5.1 Analog vs. Coax

Discussion in 'Archived Threads 2001-2004' started by Adam Kuhns, Oct 10, 2001.

  1. Adam Kuhns

    Adam Kuhns Extra

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    I'm using a coaxial audio cable between my DVD player and receiver because it's either that or standard L/R analog outputs. My receiver has a set of 5.1 analog inputs that have been of interest to me ever since I got it. Am I missing much?
     
  2. Selden Ball

    Selden Ball Second Unit

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    Adam,
    The 5.1 inputs are for use with players that can decode newer multichannel sound formats that the receiver can't. SACD and DVD-A audio discs, for example, or perhaps DTS.
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    Selden
     
  3. Denward

    Denward Supporting Actor

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    The 5.1 inputs on your receiver would receive 5.1 output from a DVD player that has a built in DD and/or DTS decoder. Since your DVD player doesn't have 5.1 outputs, then that means your DVD player doesn't have a built in decoder.
    If your DVD player had a decoder and you wanted to use it, you would connect from its 5.1 outputs to your receiver's 5.1 inputs. If you wanted to use your receiver's decoder, then you would use the digital connection (coax or optical) from the DVD to the receiver.
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  4. Lou Sytsma

    Lou Sytsma Producer

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    I'm interested in this as well. I'm currently running a Panny RP91 analog outputs into the preouts of my receiver. The RP91 is doing the decoding using the PCM stream.
    Which in theory should be superior? Or are they equal? Or is the PCM being downconverted from 96 Hz down to 48 or 44.1 Hz?
    I personally find the analog sounds much better. That could be more due to the fact that DVD player's DACs are better than my 2+ year old Yamaha 2095 receiver.
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  5. NathanP

    NathanP Supporting Actor

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    This is kinda a stupid question but.....
    My DVD player has the DTS/Dolby Digital logos on it and has coxial out. Does that mean it has a decoder built in, to where I can attach a Dolby Digital Processor? Or, Do I still have to tie it into my reciever to get DD 5.1
    Thanks,
    Nathan
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  6. Lou Sytsma

    Lou Sytsma Producer

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    Nathan - what make of player is it? DD/DTS logos mean that the player is capable of passing those signals.
     
  7. Bob McElfresh

    Bob McElfresh Producer

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    Nathan: Most DVD players DO NOT have built-in DD decoders. If your DVD player has RCA analog jacks for Left/Center/Right/Left-Rear/Right-rear .. then you have a built-in decoder.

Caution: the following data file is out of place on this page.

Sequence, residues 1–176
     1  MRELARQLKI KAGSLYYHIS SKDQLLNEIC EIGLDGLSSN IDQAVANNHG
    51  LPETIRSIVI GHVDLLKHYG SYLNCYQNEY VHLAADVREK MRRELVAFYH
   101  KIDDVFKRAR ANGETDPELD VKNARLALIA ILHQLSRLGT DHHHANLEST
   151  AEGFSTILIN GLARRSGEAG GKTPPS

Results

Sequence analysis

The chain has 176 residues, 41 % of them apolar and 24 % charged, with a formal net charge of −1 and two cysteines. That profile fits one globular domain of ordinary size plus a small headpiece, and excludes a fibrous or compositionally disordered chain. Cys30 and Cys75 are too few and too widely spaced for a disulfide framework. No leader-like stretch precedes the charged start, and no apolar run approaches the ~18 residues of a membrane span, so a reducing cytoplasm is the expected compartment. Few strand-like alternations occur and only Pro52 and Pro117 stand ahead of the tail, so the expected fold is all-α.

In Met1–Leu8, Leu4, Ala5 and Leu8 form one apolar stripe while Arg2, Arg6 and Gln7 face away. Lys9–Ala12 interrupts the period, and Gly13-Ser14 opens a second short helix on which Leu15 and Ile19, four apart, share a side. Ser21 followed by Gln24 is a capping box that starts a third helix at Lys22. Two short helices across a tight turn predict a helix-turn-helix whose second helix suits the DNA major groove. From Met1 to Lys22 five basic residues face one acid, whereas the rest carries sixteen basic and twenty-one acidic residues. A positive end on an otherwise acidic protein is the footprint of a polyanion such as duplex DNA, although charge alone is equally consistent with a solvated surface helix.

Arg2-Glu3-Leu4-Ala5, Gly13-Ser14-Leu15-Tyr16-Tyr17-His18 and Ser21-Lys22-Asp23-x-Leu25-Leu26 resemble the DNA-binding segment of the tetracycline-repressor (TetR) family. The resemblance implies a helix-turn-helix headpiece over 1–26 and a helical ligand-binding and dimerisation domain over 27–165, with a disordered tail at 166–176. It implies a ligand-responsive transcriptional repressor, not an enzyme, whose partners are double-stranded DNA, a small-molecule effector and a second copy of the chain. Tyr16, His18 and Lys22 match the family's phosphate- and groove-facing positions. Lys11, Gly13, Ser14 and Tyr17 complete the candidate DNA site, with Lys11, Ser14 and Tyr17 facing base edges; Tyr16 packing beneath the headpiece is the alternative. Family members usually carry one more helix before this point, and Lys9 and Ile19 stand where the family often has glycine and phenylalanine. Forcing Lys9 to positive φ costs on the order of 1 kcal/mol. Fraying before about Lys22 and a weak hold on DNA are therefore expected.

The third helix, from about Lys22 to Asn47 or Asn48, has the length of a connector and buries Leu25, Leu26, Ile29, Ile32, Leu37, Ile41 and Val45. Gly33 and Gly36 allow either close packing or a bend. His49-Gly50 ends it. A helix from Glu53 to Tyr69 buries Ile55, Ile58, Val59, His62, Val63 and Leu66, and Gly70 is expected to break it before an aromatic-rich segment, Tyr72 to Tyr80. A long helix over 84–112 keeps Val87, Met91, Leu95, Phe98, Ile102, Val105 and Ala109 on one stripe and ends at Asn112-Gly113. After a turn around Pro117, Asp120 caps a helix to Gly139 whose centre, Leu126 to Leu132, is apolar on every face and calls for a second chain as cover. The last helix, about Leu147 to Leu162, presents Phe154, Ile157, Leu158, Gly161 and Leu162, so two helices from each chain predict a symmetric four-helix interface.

In general: it's better to pass the digital signal to the receiver and let the receiver do the decoding. The reasons are:
    • You can run 1 cheap video cable for the digital feed instead of 5 analog cables and avoid all the issues around exotic analog cables affecting the sound. A lot cheaper, less wires and less issues.
    • The DAC in a receiver tend to be higher-quality than the ones in most DVD players. (Yes, there are some exceptions)
    • Letting the receiver do the decoding gives you a central place to handle levels, time-delays, Bass management, DSP, etc. The setup & adjustment using the DVD player to decode is a bit more complex.
    Hope this helps.
     
  8. PaulKH

    PaulKH Second Unit

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    "I'm using a coaxial audio cable between my DVD player and receiver because it's either that or standard L/R analog outputs. My receiver has a set of 5.1 analog inputs that have been of interest to me ever since I got it. Am I missing much?"
    You're not missing anything - in fact you're gaining.
    If your receiver can accept a digital (coax or optical) input from a source like a DVD player, then your receiver itself can decode the 5.1 DIGITAL signal directly (in digital quality) from the source and play it out through your surround setup.
    Your receiver also has 5.1 analog inputs for 'future expansion' to allow for connection to devices that it can't decode digitally, like DVD audio, which the record companies have stipulated MUST be decoded by the player and not the receiver, so the interconnect from the player to the receiver must be analog. While this might protect (somewhat) the paranoid interests of the record companies, it utlimately means worse quality for the consume since they're forced to use analog transfer from player to receiver instead of digital. Now that step is offet of course because DVD audio is a MUCH higher precision format than CDs.
    I personally think DVD audio will not make it since so few people can play it, and 5.1 'regular' audio on video DVDs is amazing anyway.
    Hope that helps.
     
  9. Adam Kuhns

    Adam Kuhns Extra

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    I'll stay with coax. What is the difference between coaxial and optical? My receiver has inputs for both.
    [Edited last by Adam Kuhns on October 11, 2001 at 10:12 PM]
     
  10. PaulKH

    PaulKH Second Unit

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    Adam, in theory there should be no difference between digital coax and optical - same bit stream. I think 'digital coax' (just a fancy name for a shielded phono cable) was created because those cables and connectors are cheaper than fiber optic ones.
     

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